Food Security speakers invite action for hunger relief
By Catherine Ferguson SNJM
Aaron Czyzewski, director of advocacy and public policy for Food Lifeline, told participants in the Jan. 21 Eastern Washington Legislative Conference this is "an ideal time to come together and talk about hunger relief policies and ways that we can work together."
He was glad to speak with faith-based folks like those at the conference because "faith has no end and provides the fortitude needed for a long struggle."
Kathy Hedgcock, long-time staff member at Second Harvest of the Inland Northwest, began the virtual session on "Food Security" by affirming that, "as a member of Feeding America, we rely on their government affairs team to keep us aware of public policy at the national level." In this region, she is proud of their relationship with their peer, Food Lifeline, the food bank distribution center for Western Washington.
Aaron described public policy changes proposed at the federal and state levels and encouraged participants to reach out to their lawmakers to make their desires known.
In reviewing state and federal policy, key players and grassroots strategies, he praised the White House Conference on Hunger, Health and Nutrition called by the Biden-Harris administration, which outlined a strategy to eliminate hunger by 2030.
"If we accomplish what it lays out, we can see a dramatic decrease in hunger," he commented.
Aaron pointed out that hunger at the national level is addressed through the Supplemental Nutrition Assistance Program (SNAP), the nation's first line of defense against hunger that puts funds for food in the pocketbooks of many Americans.
Explaining how advocates could act to help end hunger through this program he said, "We are entering a period when SNAP can be shaped. It is a major component of the Farm Bill, which must be reauthorized by Congress in 2023."
He invited advocates to protect, improve and expand SNAP so it reflects a family's needs and is accessible to people who qualify, particularly to youth, seniors and immigrants.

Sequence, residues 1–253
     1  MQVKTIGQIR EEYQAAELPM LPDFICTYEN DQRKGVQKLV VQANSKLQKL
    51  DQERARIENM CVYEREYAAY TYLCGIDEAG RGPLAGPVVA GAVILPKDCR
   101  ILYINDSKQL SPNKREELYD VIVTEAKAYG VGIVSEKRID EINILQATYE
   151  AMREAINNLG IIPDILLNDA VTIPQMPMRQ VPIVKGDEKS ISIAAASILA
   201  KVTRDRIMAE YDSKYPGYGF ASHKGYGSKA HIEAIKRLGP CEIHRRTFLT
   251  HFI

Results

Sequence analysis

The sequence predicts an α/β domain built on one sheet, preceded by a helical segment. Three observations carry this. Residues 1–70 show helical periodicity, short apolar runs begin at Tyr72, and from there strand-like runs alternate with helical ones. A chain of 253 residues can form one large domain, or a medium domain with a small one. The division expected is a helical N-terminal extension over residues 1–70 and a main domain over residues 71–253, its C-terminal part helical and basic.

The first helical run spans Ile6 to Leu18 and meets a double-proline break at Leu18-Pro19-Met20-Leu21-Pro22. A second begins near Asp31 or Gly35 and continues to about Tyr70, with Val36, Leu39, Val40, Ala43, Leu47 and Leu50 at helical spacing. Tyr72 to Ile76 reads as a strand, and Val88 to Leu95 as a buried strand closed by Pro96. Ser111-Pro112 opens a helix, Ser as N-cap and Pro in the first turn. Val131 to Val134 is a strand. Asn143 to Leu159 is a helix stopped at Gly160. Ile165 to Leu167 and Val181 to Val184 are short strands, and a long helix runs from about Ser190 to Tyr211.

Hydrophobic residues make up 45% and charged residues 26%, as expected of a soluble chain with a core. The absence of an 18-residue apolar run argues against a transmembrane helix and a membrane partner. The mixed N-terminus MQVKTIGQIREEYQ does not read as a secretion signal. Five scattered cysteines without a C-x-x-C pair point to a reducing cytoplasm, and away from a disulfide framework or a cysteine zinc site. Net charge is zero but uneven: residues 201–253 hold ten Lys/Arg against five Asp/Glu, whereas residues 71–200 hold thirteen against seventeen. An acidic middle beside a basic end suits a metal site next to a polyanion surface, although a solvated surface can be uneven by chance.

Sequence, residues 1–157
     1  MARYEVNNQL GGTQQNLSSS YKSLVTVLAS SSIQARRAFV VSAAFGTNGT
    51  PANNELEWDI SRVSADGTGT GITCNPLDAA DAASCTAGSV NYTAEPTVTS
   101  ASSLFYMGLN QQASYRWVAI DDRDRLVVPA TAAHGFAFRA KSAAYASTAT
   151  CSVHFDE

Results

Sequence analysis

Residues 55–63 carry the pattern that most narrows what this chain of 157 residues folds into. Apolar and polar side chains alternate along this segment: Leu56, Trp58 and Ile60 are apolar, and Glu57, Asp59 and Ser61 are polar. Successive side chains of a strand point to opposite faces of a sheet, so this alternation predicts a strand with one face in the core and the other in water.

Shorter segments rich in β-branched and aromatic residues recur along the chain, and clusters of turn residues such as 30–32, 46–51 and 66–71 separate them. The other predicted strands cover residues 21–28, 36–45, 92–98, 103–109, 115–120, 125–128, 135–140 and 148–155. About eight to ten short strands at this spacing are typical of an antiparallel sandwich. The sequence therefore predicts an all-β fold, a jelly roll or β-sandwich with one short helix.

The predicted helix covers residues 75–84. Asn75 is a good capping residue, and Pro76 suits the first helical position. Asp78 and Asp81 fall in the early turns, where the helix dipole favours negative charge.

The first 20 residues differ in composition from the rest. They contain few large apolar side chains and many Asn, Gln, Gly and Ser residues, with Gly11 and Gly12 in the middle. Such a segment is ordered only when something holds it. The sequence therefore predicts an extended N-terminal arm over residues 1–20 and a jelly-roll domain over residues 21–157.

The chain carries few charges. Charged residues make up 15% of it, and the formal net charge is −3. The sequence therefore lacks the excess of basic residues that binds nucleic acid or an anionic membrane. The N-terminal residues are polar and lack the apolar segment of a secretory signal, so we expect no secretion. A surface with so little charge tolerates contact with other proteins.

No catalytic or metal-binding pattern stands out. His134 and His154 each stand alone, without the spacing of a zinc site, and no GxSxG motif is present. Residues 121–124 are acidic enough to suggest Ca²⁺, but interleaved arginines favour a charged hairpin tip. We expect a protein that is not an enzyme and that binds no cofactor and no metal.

Aaron praised Senator Patty Murray's recent delivery of a permanent program that provides school children a Summer EBT (Electronic Benefit Transfer), offering free meals and snacks to low-income children when out of school for summer or extended breaks.
On policies before the 2023 Washington State Legislature, Food Lifeline looks at issues related food insecurity and on root causes of hunger.
Aaron said the Working Families Tax Credit (HB 1075/SB 5249) would expand previous legislation to ensure that low-income workers who are eligible receive a tax rebate of $300 to $1,200 and to increase the number of people eligible by lowering the age of beneficiaries from 25 to 18 and expands eligibility to people over 65.
Food Lifeline also supports anti-poverty measures like HB 1045 Statewide Guaranteed Basic Income (GBI) to establish a pilot program in the state to put cash in the pockets of people in communities experiencing economic insecurity, and the Wealth Tax on Billionaires HB 1473/SB 5486, which would levy a one percent tax on extreme wealth held in financial intangible property like stocks, bonds and mutual funds for those who earn more than $250 million.
Finally, Aaron urged attendees to share their support of bills important to them by going to the website leg.wa.gov/legislature/Pages/Participating.aspx and clicking "yes" on a bill.
For information, see White-House-National-Strategy-on-Hunger-Nutrition-and-Health-FINAL.pdf at whitehouse.gov.
Food Lifeline's advocacy page, with its 2023 State Advocacy Agenda and Public Policy Platform, is at foodlifeline.org/advocacy.